3. Do not be against those who have the Spirit of the Lord: When the Lord placed some of the Spirit that rested on Moses on the elders at the tent of meeting, they began to prophesy (it is interesting to note that this much Spirit was placed on Moses himself before this). There were two men that remained in the camp (apparently two of the 70 who were summoned to go out and didn’t for some unstated reason) who also received some of the Spirit as the elders who went out to the tent of meeting did, and they too prophesied. When the people say this, it was told to Moses, and Joshua told Moses to make them stop, apparently because he thought they were taking glory away from Moses. It seems that Joshua was upset with them and didn’t think they should be prophesying. Moses’ answer, however, was that he would that all of the Lord’s people have a portion of the Spirit and prophesy. He was not to despise those who the Spirit of the Lord rested on. Paul gives a similar command to the Thessalonians in I Thessalonians 5:19-21.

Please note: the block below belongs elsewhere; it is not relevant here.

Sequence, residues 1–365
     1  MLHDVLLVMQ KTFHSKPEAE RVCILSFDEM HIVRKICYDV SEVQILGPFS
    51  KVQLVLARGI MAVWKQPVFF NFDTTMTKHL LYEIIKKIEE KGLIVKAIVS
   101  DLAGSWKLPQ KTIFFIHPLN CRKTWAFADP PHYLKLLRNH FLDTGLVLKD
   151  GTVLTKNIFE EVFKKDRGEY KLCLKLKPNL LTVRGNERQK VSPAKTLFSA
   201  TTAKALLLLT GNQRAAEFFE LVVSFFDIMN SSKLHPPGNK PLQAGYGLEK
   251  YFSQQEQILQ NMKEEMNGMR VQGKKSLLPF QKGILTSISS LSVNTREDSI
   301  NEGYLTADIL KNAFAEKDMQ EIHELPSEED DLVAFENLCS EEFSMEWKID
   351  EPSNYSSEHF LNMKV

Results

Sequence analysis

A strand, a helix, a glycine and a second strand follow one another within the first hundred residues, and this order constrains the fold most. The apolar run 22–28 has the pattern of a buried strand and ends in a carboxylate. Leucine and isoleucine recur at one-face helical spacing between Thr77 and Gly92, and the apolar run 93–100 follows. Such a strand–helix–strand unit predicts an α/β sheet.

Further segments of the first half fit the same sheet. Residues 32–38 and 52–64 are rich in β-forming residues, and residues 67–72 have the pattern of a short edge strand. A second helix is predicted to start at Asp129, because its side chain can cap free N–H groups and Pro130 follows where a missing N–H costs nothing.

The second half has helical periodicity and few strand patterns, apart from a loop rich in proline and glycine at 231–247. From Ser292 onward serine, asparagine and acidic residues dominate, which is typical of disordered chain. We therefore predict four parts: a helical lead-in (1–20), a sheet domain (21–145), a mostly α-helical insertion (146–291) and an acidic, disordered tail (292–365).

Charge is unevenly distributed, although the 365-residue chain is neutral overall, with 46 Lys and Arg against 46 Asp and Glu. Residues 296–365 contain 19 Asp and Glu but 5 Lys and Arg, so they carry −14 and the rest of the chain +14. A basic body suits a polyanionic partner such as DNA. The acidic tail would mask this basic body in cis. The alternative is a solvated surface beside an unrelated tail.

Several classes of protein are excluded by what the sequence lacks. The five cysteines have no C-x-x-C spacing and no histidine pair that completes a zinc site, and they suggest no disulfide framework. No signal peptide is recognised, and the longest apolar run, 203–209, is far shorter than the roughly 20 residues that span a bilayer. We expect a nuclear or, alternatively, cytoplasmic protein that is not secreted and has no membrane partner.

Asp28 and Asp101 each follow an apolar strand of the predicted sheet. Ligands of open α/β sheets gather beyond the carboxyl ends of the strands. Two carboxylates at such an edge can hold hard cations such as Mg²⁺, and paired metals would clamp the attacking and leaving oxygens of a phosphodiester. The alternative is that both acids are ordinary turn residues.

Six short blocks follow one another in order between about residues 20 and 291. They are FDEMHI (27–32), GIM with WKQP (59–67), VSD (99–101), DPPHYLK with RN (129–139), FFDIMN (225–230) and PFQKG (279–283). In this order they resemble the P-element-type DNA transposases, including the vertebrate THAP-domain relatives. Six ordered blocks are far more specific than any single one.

4. Do not allow cravings to destroy you: At the end of this chapter, we see the fulfillment of the Lord of His word spoken in the beginning of the chapter when He said that He would give all the congregation of Israel meat to eat. He cause quail to fall and pile up two cubits high a day’s journey on either side of the camp. Note that the people had to work to get the meat that they craved so badly. The people went out to gather the quail, and each gathered at least 10 homers, which was 6 bushels. But the craving of the people angered the Lord, and He sent a plague to strike the people. There are some different thoughts as to why the Lord sent the plague. Perhaps it was sent on the people who had such a craving for the meat that they started eating it before they got back to the camp to cook it, and thus eating the blood with it which was against the Law (see Leviticus 3:17, 7:27). Or perhaps the craving of the people moved some to gluttonous eating when they got back to the camp. It could even be possible that this was still a punishment for their grumbling and craving in the first place, which is how the chapter began. Regardless of the exact reason, we can learn the lesson to be in control of our cravings, and not let them overpower us and lead us to destruction.